At the end of the meal, we decided that we want to get the dessert. We were not rushed for time and we already expected this is going to be a wait before we get this delivered to the table. That did not deter us.

We got the creamy egg custard ($3.25). This is served very hot and true to expectation we had to wait 15 minutes for this. It was lightly sweet and it is like eating egg custard tart without the pastry shell. Nice!

Kwong-Chow-Congee-and-Noodle-House-12

The food in Kwong Chow is not spectacular but I must say that it is above average. The prices is good and the food is delicious. Just don’t go on their busy time when you’re hungry because I know people get really mad and angry when they are made to wait on an empty stomach.

If you can, don’t go and let the lack of service frustrate you. Otherwise, Kwong Chow is just not the type of restaurant for you. As I said earlier, Kwong Chow is a very popular restaurant and with all the reports of poor service, they can still pack the place day in day out.

Kwong-Chow-Congee-Noodle-Menu-1Kwong-Chow-Congee-Noodle-Menu-2Kwong-Chow-Congee-Noodle-Menu-3Kwong-Chow-Congee-Noodle-Menu-4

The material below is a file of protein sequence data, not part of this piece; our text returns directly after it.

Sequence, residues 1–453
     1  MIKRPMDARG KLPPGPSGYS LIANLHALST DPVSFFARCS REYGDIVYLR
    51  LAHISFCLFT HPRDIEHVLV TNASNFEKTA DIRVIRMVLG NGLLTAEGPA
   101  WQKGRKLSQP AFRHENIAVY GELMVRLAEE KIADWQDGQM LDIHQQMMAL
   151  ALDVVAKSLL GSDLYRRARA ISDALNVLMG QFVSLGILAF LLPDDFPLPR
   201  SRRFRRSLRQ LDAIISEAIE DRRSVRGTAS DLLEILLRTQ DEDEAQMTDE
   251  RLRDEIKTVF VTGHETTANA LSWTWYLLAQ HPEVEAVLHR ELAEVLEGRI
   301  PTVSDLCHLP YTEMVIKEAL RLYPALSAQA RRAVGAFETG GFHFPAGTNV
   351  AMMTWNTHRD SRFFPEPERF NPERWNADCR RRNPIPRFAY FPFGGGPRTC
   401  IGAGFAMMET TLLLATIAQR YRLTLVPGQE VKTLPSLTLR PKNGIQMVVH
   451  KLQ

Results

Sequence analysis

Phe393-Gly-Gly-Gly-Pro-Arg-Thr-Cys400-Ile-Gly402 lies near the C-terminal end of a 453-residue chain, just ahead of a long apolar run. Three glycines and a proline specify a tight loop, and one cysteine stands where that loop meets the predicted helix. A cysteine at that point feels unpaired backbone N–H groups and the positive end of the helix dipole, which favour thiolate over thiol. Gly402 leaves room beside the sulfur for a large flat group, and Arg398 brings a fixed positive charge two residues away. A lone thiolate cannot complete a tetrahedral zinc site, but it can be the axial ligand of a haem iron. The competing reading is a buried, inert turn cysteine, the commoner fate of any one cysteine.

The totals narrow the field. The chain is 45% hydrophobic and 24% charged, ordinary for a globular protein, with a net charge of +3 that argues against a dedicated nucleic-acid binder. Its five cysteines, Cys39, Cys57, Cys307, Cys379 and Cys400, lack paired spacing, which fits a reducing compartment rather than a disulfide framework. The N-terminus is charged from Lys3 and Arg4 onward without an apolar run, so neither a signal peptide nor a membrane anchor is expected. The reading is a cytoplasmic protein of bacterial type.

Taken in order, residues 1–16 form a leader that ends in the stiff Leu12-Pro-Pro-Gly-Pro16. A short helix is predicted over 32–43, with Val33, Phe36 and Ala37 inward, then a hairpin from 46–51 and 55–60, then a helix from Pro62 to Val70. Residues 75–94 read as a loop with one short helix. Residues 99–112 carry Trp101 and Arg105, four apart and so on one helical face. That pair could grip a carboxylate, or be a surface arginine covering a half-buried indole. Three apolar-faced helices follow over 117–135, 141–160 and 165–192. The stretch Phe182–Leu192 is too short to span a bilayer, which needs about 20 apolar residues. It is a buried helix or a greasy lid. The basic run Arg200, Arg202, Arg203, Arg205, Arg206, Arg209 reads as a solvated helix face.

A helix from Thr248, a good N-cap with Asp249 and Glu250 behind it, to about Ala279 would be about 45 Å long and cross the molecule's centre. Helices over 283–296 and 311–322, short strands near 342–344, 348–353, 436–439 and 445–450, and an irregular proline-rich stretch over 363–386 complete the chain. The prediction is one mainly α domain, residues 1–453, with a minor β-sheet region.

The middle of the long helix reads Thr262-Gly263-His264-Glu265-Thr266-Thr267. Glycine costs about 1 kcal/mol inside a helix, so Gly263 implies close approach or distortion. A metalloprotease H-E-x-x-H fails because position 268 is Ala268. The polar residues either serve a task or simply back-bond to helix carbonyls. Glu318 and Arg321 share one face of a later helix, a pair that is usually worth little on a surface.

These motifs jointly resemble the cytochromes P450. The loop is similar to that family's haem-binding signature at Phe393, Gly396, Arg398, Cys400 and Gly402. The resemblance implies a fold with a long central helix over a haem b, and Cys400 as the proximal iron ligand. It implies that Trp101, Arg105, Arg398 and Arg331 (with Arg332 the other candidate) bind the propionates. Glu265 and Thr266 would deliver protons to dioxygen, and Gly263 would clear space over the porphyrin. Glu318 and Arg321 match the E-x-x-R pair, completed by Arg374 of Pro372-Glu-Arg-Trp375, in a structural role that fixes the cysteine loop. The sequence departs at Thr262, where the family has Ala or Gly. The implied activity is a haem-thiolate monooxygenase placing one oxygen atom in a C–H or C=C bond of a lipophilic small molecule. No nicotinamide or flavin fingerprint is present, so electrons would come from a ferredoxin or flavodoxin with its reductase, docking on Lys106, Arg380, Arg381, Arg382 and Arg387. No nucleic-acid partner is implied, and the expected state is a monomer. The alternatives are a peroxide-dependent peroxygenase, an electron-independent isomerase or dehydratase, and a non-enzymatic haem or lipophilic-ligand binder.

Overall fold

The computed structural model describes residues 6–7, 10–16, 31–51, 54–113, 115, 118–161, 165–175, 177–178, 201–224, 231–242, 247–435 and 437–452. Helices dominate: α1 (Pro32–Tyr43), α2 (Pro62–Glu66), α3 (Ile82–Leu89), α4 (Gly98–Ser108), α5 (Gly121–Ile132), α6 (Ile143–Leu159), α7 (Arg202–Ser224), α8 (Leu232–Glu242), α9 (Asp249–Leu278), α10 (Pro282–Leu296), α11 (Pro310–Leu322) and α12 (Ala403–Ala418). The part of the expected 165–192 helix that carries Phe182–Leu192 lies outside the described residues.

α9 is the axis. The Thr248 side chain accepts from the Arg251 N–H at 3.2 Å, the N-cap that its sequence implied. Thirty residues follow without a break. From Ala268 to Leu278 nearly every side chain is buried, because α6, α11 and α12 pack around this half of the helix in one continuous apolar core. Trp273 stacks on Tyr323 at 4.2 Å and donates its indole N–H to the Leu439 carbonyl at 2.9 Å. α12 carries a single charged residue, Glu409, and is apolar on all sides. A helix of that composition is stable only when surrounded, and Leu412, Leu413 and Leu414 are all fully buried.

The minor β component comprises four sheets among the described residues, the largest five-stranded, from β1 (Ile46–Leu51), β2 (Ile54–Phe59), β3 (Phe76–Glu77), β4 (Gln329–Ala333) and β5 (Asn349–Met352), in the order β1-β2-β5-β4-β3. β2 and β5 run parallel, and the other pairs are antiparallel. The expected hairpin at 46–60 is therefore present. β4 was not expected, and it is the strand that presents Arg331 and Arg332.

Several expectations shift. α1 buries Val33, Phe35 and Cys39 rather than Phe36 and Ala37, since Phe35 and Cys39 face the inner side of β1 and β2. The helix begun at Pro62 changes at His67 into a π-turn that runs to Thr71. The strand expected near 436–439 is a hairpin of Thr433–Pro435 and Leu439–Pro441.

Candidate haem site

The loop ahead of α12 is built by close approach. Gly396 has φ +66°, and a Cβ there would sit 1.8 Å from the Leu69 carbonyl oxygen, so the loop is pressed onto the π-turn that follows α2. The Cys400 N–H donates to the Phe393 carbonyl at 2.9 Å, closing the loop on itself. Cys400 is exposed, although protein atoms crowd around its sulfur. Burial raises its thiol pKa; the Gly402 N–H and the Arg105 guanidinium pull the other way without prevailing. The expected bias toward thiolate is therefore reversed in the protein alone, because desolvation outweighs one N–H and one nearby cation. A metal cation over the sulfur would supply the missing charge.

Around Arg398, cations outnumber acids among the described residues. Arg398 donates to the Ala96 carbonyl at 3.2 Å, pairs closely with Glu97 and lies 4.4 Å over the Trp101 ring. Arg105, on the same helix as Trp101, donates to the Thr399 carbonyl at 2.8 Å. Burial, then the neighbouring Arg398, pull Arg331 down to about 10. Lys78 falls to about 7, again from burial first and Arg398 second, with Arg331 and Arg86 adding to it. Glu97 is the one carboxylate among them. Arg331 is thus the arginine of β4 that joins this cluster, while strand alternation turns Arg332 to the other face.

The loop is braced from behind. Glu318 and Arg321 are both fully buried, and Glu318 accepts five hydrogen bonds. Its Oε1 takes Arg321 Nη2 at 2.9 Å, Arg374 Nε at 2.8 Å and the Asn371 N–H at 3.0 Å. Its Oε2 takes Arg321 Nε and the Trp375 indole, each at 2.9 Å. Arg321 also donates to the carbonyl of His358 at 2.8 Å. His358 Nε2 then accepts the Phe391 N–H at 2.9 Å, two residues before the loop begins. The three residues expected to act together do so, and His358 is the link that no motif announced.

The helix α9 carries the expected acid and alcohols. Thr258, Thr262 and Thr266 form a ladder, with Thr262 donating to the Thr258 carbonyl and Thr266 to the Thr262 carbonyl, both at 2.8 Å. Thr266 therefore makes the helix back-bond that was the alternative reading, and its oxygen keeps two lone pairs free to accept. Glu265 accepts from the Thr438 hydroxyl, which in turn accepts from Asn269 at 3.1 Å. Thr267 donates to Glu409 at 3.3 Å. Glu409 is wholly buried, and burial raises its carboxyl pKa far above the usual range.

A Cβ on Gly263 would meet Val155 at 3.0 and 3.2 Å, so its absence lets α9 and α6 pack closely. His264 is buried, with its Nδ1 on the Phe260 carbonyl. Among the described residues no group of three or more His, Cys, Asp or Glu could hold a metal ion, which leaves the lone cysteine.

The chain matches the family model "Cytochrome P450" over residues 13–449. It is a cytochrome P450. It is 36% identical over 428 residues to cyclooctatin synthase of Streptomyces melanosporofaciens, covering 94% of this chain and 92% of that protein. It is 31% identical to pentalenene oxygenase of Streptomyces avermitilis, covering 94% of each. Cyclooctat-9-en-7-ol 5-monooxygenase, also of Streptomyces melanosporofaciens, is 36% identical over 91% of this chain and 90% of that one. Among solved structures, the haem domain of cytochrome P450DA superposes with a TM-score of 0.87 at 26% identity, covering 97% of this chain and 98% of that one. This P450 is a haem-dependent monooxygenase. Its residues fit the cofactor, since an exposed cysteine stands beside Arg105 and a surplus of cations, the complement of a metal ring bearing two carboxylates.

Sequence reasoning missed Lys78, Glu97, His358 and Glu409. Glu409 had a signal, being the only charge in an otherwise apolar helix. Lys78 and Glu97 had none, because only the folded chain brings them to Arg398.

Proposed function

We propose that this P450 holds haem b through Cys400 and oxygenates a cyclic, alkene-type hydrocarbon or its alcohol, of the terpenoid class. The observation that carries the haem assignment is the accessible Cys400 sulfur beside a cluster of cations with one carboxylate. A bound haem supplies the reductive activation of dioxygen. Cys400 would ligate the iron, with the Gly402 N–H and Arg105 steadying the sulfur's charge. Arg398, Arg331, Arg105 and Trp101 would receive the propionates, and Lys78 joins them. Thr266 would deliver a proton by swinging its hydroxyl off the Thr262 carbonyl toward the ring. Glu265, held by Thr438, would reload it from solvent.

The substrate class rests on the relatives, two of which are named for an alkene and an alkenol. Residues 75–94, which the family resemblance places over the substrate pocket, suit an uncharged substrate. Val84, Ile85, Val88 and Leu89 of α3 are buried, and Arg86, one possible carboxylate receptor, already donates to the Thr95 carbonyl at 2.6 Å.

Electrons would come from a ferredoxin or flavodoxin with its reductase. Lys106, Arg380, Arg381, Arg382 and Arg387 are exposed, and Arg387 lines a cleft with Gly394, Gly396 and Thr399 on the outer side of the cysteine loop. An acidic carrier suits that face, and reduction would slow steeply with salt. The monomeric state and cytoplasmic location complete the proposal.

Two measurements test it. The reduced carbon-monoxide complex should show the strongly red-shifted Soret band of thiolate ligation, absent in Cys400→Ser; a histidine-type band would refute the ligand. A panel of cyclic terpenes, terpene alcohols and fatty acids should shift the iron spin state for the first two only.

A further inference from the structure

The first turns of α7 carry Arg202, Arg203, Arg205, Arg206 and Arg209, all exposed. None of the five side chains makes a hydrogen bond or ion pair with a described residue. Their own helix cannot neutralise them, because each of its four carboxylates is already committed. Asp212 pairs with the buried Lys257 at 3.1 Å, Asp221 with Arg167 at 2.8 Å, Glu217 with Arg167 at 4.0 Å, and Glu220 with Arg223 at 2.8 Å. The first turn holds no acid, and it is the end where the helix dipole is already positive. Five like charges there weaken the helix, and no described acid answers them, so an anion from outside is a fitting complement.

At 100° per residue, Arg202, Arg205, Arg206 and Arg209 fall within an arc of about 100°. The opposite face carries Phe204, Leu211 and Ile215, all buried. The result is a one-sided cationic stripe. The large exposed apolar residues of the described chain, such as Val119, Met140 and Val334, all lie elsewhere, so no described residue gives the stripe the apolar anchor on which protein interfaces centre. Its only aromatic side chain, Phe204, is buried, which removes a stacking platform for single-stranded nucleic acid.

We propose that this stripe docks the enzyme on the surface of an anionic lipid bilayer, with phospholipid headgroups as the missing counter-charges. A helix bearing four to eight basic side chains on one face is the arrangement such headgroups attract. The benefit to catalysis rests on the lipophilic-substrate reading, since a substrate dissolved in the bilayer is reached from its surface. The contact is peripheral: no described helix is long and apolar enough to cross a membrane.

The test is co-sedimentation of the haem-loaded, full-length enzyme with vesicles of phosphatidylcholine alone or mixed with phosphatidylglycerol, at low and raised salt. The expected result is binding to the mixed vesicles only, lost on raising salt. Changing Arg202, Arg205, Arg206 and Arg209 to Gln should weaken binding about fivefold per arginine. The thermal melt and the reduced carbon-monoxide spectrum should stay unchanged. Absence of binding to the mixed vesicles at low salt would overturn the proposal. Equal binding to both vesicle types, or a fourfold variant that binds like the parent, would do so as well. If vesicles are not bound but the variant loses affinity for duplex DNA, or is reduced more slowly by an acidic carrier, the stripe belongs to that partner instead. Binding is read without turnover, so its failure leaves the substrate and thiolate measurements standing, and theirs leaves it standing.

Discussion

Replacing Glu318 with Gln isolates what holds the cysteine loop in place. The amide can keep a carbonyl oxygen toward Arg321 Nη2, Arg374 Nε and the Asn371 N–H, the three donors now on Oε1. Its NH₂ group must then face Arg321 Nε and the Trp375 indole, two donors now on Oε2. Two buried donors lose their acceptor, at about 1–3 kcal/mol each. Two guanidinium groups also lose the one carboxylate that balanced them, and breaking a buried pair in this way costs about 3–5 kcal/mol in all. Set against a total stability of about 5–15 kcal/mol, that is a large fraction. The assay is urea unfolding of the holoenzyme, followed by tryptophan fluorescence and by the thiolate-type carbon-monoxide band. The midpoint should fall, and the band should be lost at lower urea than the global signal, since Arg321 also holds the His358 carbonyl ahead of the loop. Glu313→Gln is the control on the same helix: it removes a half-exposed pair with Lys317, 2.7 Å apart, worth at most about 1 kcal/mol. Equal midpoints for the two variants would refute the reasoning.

Take a look at their take out menu. They are pretty much the same as their standard menu. They are clickable to show it in more readable size.

Kwong Chow Congee & Noodle House on UrbanspoonBusiness Hour

7 days a week

11:00 am to 2:00 am

This Post Has 0 Comments

  1. Next time you should try the “sui gow” (the ones similar to shrimp wontons but w. a few more ingredients) they are very good here ^^
    It’s an especially great deal if you can go early! $4.25 for select menu items + a drink

  2. Hi Ben,
    There are some bargains to be had here. I always enjoy a hot bowl of the beef congee at the Kwong Chow Restaurant when I return from a trip. It’s my comfort food, I suppose. The special is available from 11 am to noon, and then from 2:30 pm to 5 pm, and they do not charge extra to change to a cold drink. $4.25 + tax is quite a deal for the beef congee and a drink! I don’t care too much for the finely julienned ginger though. I like the ginger taste but I tend to pick it out of the congee. The chicken is a particular breed of chicken that has a naturally yellow-coloured skin. When you order this dish, it’s traditionally served chilled with a side of green onion and minced ginger condiment. The chicken is free-range and has a prominent “chicken” taste. You can buy it in the Asian supermarkets to prepare at home. As for ostrich, I’ve had it before (not here), and I’ve always thought it taste like beef.